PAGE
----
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428A Russell Senate Office Building, Washington, DC 10:30 a.m. EDT

Chairman David Vitter

Good morning, and thank you for joining me for today’s Senate Committee on Small Business and Entrepreneurship hearing to discuss the federal response and recovery efforts to help the Louisiana communities that are suffering from the devastating flood event last month.

I want to begin by offering my condolences to the families of the 13 people who tragically died during this disaster. My thoughts and prayers are with them, as well as the thousands who lost everything in the wake of what the American Red Cross, FEMA, and the White House are calling the most extensive single natural disaster since Hurricane Sandy.

This hearing is an important step to highlight the magnitude of this disaster in the Senate. It is unfortunate, but the reality is that this event was severely underreported across the country.

To put it in perspective, over the course of 36 hours, severe storms generated up to 30 inches of rain, which triggered a thousand-year flood event, according to FEMA. State officials estimate this caused nearly $8.7 billion in damages. Shortly after the flood, President Obama declared a major disaster declaration for 22 parishes in South Louisiana.

So far, there have been over 142,000 registrations with FEMA for individual household assistance. This compares to a very significant flood event in Northern and Central Louisiana last March, which had 40,000 registrations. It also surpasses the serious flooding in South Carolina last year that had over 26,000 registrations.

Compared to Hurricane Ike in 2008, which saw over 120,000 registrations, over $532 million in individual household programs claims that were approved, and cost $29 billion in property damage – the cost the Louisiana flooding in August has already exceeded those numbers.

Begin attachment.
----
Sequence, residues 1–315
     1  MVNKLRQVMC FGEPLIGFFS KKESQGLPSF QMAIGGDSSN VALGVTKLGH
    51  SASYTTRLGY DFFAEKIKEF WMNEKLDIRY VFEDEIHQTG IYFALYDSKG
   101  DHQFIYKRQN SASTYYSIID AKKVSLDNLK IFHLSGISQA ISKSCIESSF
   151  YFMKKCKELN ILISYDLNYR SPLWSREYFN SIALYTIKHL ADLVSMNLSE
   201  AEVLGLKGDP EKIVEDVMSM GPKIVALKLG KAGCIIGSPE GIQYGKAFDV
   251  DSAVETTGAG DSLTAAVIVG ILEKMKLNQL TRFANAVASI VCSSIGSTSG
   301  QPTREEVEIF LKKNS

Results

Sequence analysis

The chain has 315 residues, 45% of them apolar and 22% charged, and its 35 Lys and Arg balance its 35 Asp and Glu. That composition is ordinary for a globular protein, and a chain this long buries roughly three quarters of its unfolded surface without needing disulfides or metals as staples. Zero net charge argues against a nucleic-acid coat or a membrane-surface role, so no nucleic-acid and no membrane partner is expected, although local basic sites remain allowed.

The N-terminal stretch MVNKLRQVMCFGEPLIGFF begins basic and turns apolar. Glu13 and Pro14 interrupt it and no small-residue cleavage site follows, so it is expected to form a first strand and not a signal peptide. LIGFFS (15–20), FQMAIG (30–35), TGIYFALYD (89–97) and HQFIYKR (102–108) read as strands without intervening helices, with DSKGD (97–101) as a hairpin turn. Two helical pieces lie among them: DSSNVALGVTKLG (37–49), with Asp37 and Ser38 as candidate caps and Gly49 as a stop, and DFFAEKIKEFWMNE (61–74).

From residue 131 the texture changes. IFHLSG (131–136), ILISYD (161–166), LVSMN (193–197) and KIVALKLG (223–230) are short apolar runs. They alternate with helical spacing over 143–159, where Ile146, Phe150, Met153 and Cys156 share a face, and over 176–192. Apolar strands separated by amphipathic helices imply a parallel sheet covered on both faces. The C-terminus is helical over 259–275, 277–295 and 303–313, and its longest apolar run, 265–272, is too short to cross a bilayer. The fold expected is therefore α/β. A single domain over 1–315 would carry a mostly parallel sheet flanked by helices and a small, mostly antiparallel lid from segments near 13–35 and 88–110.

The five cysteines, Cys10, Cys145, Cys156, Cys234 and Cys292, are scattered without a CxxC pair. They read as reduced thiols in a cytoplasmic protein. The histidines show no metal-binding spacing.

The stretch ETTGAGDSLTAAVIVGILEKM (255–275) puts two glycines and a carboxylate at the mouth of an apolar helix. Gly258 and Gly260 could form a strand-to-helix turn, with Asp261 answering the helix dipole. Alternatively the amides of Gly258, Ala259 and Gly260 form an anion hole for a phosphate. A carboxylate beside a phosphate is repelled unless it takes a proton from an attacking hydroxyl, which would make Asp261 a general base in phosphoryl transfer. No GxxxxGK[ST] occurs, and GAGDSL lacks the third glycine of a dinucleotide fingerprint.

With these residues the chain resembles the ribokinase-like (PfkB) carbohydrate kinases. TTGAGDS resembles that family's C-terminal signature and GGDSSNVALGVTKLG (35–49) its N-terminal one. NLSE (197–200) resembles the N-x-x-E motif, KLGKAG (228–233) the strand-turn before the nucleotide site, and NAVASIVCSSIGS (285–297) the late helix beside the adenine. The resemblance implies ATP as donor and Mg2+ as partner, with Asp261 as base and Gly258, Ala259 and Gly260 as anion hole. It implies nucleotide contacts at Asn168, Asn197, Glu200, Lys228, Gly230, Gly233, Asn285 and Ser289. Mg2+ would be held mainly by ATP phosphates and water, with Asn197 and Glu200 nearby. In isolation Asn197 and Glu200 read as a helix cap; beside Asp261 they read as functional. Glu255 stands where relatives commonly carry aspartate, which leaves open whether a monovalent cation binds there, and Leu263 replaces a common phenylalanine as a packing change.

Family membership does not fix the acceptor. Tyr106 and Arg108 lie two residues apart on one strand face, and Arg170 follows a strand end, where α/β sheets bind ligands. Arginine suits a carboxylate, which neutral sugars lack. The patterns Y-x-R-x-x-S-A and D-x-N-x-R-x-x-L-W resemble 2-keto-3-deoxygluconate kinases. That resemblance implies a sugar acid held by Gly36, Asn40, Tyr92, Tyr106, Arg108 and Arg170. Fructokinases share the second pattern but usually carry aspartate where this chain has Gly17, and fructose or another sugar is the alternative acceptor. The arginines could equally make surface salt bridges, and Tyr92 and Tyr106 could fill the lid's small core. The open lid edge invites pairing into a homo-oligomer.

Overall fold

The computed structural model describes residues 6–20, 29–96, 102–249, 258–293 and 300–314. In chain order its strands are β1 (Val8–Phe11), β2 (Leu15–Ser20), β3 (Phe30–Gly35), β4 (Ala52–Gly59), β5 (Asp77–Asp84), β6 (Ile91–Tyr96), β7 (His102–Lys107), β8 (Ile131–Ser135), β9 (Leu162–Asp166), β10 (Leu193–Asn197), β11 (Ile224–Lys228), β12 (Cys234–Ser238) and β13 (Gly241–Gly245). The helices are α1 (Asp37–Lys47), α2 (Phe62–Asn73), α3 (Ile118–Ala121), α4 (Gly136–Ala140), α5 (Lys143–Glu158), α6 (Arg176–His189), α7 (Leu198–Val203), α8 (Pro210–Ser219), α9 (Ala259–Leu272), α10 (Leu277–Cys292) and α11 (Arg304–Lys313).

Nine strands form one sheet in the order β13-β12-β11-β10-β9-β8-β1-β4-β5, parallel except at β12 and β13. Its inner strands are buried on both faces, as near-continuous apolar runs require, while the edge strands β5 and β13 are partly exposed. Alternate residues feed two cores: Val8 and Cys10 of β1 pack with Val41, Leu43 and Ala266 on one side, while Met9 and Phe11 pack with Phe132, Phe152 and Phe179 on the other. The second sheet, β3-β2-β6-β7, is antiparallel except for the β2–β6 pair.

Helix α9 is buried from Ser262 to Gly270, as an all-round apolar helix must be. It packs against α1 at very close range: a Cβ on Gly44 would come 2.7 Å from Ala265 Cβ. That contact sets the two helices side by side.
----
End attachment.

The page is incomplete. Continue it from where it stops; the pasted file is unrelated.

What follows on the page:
Without federal relief, and facing substantial rebuilding challenges and a potential foreclosure crisis, families will be forced to either move to other areas of the country or occupy severely damaged homes in communities that will inevitably struggle to come back without federal assistance —similar to what we saw in the aftermath of Hurricane Katrina. Louisiana will be unable to recover alone, and will need substantial assistance and federal aid if it is to rebuild.

Earlier this week in a Senate Banking Committee hearing, I asked the Deputy Associate Administrator of FEMA Roy Wright to comment on the significance of the event. He stated that it was the 4th worst disaster he had seen over the last 12 years, only behind Hurricanes Katrina, Sandy, and Ike.

It is quite possible that when it’s all said and done, this disaster could jump Ike in terms of damage. One major issue that makes this event particularly devastating is that of the 130,000 homes that were damaged, only 28,700 NFIP claims have been submitted.

This is because many highly concentrated areas impacted by the flood are actually located way outside of any sort of flood-designated zone, and the owners are not required to have flood insurance.

In the days and weeks following the severe flooding, the SBA worked quickly to set up Business Recovery Centers in the affected parishes in order to verify and approve millions in low-interest disaster loans during the first two weeks of the disaster.